The author of this post, Jonathan Levy, will be leading a panel discussion called “Interpreting in Conflict Zones” at the upcoming 3rd North American Summit on Interpreting, which will be held June 15-16, 2012 in Monterey, California.
“Soldier, what does this document say?” I asked, handing an Al Qaida Martyrdom Pledge to the 09L Combat Linguist in front of me. He had just finished running a good distance and was breathing hard. Next to us, two other soldiers were carrying on a very loud conversation in Arabic and the smoke from their cigarettes was burning my eyes. The soldier holding the document worked hard to completely focus his attention as he began his sight translation.
After finishing with me, the soldier ran to the next station where he provided consecutive interpretation for an interrogator who was interviewing an Arabic speaker about the same document. Other members of the 51 TICO (Translator Interpreter Company) watched closely to see if the interpreter was effectively maintaining the tone and content of the interrogator’s questions. As this session concluded, the interpreter ran to the next station and his place was taken by the next trainee in the cycle.
This was the morning of our fifth day working with the Arabic cohort of the 51 TICO out at Fort Irwin in the California desert. Myself and two other members of the CyraCom training team had spent weeks preparing materials specific to their training needs, which were designed to meet certain goals including:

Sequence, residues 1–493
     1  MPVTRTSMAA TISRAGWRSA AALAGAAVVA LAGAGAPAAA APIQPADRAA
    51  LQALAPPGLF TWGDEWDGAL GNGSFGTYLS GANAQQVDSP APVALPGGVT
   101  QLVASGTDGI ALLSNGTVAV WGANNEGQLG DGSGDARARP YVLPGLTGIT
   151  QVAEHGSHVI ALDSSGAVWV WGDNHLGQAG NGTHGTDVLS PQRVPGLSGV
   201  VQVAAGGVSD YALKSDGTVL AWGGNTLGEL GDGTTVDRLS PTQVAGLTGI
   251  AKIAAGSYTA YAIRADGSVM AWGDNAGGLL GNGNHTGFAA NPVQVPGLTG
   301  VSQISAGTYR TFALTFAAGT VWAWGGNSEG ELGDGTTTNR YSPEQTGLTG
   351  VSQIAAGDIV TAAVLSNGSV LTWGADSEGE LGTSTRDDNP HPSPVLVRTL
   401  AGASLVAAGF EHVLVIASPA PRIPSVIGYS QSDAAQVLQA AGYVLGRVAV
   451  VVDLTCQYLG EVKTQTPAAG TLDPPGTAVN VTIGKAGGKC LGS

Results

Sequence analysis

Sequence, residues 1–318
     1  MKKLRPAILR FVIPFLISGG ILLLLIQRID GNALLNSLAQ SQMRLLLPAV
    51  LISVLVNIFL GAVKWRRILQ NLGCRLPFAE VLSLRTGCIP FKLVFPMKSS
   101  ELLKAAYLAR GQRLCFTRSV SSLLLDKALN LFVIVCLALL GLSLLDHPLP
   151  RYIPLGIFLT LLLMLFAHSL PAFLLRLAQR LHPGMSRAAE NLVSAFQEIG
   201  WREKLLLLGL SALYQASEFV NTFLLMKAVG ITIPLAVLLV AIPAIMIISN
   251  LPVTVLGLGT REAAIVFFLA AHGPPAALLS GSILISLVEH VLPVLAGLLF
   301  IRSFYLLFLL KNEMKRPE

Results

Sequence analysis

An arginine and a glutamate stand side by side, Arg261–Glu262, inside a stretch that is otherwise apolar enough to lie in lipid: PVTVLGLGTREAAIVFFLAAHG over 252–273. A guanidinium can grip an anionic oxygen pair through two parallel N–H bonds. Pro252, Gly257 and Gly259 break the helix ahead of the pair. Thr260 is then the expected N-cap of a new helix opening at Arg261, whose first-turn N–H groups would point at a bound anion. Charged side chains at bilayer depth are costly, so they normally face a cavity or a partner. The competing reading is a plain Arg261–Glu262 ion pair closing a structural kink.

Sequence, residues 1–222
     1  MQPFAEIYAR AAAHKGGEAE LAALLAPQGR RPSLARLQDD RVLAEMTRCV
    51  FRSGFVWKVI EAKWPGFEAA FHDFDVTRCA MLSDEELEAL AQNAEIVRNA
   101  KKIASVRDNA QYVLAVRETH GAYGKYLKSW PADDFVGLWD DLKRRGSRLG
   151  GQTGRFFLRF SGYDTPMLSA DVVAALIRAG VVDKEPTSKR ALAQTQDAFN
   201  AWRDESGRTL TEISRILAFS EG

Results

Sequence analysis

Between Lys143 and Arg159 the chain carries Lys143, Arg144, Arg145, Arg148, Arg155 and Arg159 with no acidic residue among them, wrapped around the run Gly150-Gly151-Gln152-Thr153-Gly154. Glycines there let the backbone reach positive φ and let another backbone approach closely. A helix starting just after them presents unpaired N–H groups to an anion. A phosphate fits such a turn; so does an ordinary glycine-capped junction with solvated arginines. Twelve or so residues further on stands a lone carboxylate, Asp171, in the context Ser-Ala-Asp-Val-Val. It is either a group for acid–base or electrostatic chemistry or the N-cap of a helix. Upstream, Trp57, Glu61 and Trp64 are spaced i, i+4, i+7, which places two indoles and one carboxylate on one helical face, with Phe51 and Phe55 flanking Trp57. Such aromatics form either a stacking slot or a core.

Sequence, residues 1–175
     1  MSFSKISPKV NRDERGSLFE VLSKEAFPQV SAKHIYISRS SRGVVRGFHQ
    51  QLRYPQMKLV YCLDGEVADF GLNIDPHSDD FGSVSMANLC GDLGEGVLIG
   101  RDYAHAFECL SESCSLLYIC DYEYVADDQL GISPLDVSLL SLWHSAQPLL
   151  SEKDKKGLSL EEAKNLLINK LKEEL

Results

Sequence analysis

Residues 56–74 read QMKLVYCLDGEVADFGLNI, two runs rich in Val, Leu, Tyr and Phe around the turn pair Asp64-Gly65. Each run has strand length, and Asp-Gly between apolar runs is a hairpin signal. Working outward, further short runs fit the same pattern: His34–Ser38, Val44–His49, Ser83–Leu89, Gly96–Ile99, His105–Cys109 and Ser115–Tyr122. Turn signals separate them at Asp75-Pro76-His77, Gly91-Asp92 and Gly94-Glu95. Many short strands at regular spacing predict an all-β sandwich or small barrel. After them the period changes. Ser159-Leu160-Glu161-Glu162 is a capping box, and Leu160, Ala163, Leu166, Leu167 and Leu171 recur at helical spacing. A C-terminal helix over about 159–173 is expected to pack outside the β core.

- Performance – Strengthen ability to perform translation and interpretation accurately and completely
- Quality Control – Enhance the ability to evaluate and improve the translation and interpretation of trainees and others
- Mission Success – Practice activities directly related to the upcoming mission
The 09Ls (pronounced O nine Limas) perform a range of interpretation and translation tasks in support of missions for all branches of the U.S. military. Additionally, they provide language and cultural awareness familiarization for both deploying and deployed units. As such, they are somewhat unique and it was an honor to be asked to work with them.
We wish the 51 TICOs success in their upcoming mission and look forward to the next time we will meet.
Note: CyraCom International is the parent company of LLE, CyraCom and Voiance. In 2010 and 2011, CyraCom International worked with the Defense Language Institute (DLI) to create translation and interpretation training curricula in eight languages. The event above took place in March, 2012, which involved using the same standards CyraCom International created for the DLI.